Monthly Archives: February 2014

Bigger Isn’t Always Better

I always have to shake my head when I see orders come through the system for a 31” 243 or when I get a call from a player or parent wanting to know what model has the biggest barrel. Truth be told, especially people new to wood bats, bigger barrel bats usually aren’t the best option and will result in flaws in your swing.

Viper Bats Man Sized Bat!

Viper Bats Man Sized Bat!

The age group most guilty of this are the players just switching over from aluminum to wood bats for the first time. Besides being adamant about wanting a bat that is “-3” they also want something that is as big as their metal bat they’re used to swinging.  The problem with this is metals bats are designed specifically to be balanced while fitting in the BBCOR regulations. Basically, in a metal bat with technology the way it is, you can have a very balanced bat with a large barrel and ideal weight. That’s not an option with wood bats.

In a wood bat you’re going to get all the weight of the bat where the mass of it is so if you get a bat with an oversized barrel it’s going to be extremely end heavy, or end-loaded.  Yes, if you make solid contact with the ball you’ll get great pop, but the control and skill needed to make that contact is greatly increased. As a result of the imbalance, the barrel is really going to dip through the hitting zone if you don’t have enough strength. It’s also going to make it more difficult to catch up to faster pitching.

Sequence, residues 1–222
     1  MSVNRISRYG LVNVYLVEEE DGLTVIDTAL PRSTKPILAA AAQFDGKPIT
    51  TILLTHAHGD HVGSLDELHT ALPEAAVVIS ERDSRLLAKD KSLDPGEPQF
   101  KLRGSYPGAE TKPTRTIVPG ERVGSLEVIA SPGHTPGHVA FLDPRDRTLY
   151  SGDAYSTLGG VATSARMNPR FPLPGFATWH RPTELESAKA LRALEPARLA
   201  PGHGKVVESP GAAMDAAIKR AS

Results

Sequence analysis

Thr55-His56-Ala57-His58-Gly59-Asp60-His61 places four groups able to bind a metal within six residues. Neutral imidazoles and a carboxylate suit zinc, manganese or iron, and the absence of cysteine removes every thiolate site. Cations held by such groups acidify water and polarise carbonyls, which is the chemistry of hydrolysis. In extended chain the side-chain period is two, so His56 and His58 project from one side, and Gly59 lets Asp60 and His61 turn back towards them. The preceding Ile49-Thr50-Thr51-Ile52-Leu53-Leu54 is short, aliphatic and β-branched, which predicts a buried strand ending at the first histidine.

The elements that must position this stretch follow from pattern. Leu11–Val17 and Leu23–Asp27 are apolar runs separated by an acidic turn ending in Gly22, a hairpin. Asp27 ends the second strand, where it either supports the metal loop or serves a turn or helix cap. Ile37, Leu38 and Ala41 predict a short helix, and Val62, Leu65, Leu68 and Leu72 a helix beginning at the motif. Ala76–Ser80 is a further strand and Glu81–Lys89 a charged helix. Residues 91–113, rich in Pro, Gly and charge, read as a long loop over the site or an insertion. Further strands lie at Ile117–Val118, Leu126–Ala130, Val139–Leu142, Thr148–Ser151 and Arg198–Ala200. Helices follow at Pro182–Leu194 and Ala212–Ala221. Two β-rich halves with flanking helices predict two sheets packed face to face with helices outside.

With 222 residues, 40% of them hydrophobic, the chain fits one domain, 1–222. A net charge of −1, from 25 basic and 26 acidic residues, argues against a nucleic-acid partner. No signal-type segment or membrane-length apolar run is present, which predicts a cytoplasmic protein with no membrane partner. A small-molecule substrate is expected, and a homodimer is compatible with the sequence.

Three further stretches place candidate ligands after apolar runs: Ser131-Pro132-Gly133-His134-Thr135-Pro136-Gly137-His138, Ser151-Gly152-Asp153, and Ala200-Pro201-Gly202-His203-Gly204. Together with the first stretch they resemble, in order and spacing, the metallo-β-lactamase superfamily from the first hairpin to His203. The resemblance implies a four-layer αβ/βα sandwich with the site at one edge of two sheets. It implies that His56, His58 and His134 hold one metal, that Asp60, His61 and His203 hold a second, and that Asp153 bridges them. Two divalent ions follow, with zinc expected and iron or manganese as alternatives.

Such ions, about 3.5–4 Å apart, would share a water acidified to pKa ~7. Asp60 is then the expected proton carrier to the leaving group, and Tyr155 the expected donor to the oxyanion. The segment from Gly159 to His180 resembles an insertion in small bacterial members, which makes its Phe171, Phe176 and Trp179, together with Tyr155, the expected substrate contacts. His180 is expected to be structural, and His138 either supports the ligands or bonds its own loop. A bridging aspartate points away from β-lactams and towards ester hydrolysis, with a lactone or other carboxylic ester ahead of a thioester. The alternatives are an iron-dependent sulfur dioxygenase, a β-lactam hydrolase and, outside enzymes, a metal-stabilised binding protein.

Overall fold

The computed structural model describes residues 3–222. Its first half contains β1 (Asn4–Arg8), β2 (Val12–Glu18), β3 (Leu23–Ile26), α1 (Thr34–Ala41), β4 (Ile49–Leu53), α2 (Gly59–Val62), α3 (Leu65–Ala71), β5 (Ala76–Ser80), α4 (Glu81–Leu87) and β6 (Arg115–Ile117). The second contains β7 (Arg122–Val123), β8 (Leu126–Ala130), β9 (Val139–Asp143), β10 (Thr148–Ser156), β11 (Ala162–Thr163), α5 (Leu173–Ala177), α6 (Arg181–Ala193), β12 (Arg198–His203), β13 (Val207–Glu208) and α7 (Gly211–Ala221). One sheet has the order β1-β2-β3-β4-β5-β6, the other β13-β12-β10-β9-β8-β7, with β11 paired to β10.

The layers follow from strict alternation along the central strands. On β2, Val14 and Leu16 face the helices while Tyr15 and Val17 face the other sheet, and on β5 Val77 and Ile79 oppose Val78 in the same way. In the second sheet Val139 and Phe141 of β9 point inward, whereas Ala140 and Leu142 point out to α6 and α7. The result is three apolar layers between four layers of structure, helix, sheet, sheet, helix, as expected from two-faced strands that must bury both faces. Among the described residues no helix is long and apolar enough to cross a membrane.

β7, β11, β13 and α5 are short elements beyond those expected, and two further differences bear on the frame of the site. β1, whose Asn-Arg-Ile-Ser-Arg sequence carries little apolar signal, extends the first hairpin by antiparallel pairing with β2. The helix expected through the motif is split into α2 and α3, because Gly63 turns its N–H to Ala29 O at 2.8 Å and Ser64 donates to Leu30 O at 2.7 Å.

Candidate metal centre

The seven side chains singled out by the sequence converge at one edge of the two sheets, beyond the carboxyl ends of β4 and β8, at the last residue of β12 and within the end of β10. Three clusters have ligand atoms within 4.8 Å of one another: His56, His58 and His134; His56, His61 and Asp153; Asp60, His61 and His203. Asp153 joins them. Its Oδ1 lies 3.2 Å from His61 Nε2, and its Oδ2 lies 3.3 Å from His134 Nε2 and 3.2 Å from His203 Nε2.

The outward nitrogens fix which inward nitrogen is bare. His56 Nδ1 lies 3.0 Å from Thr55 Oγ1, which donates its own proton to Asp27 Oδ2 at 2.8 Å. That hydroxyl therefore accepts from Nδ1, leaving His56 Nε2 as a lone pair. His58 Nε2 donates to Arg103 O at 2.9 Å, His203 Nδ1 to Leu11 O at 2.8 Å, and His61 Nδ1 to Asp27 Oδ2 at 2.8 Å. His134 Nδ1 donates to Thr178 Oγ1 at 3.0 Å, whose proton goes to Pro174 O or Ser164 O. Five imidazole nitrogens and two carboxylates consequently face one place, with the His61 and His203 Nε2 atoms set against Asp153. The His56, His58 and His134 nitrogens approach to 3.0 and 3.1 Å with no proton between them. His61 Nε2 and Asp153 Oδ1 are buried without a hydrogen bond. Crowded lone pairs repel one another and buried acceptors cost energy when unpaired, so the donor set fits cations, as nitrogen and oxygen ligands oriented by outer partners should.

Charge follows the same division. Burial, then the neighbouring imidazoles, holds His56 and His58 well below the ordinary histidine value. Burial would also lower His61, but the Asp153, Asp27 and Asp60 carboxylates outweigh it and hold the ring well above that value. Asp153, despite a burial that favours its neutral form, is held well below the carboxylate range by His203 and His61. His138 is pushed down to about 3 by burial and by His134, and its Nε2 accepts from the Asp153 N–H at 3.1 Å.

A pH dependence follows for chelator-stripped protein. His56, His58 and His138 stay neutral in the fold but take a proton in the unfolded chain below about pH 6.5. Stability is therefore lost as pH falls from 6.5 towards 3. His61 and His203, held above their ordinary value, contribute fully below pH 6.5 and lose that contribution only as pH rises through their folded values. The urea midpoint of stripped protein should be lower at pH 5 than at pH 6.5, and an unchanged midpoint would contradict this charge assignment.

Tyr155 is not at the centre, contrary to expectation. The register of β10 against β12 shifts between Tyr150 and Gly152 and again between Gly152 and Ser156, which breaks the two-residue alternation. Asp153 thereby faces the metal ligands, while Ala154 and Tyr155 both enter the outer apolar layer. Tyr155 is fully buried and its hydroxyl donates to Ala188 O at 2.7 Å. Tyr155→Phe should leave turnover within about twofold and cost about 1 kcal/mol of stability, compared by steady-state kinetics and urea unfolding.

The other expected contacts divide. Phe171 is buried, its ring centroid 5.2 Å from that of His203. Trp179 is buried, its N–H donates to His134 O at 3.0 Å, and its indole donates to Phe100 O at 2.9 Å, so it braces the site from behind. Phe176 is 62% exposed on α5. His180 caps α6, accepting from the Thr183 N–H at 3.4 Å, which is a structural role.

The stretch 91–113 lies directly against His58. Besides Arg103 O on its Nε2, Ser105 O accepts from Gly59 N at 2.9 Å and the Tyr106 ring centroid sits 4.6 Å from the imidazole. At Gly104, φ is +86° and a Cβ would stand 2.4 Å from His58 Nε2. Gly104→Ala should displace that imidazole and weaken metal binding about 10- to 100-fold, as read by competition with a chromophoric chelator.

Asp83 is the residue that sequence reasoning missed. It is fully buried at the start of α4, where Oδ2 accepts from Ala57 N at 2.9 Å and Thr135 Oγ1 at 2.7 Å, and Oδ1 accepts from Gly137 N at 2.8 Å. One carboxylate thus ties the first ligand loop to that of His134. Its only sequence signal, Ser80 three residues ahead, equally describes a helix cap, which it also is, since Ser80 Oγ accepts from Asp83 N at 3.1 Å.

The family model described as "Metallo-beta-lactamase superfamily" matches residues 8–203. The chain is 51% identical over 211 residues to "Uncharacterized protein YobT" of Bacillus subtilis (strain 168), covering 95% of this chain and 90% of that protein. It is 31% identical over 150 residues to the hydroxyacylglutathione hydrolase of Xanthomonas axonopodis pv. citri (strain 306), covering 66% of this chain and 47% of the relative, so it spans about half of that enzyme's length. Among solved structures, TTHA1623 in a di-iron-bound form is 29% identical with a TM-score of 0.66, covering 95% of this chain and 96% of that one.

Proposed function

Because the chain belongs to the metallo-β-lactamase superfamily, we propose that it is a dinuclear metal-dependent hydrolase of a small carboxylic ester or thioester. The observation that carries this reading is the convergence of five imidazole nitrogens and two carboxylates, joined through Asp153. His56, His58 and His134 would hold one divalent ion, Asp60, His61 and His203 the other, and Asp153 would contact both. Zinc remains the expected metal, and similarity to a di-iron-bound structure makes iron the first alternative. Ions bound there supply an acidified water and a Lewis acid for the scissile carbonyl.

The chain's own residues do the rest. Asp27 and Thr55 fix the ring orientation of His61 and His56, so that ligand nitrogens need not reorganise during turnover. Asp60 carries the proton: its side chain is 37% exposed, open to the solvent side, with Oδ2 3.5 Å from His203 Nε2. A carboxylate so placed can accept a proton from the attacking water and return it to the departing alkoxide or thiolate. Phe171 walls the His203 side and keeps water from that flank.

If you find yourself fouling off a lot of pitches you usually hit, it’s probably a good indicator the barrel is too big for you. Another good indicator that your barrel is too big is if you find yourself breaking a lot of bats. By nature, the big barrel bat is going to put a lot of extra tension on the handle during contact so if you make any contact what-so-ever on the end of the bat it’s going to result in a broken bat.

At the end of the day, unless you’re getting paid to play baseball, more often than not you’ll find more success at the plate with a more “balanced” bat. Even though the barrel on these models may not be as big as your model 243 or 174G, they all have respectable sized barrels that are more than capable of being used by power hitters. I’ll break down some of our more popular models below into 3 categories: contact, gap, and power.

Contact Hitters (Average Barrel): 271, 110, 175G, 280, 141, CUV26
Gap Hitters (Little bit bigger): 222, 271L, APV5, 318
Power Hitters (Large Barrel): 243, 174G, 73, CD61, JH9

Not that any of these models are bad, they just require a greater understanding of your swing and the type of hitter you are. People who get big barrel bats understand that they’re prone to breakage and accept that as a tradeoff for the bigger hitting surface. The other trade off with the big barrel bats is that you’re sacrificing your average for power numbers. Hopefully with this information you’ll be able to help find the right model for you to achieve your goals as a player and if you have any questions I’d be more than happy to help you answer them.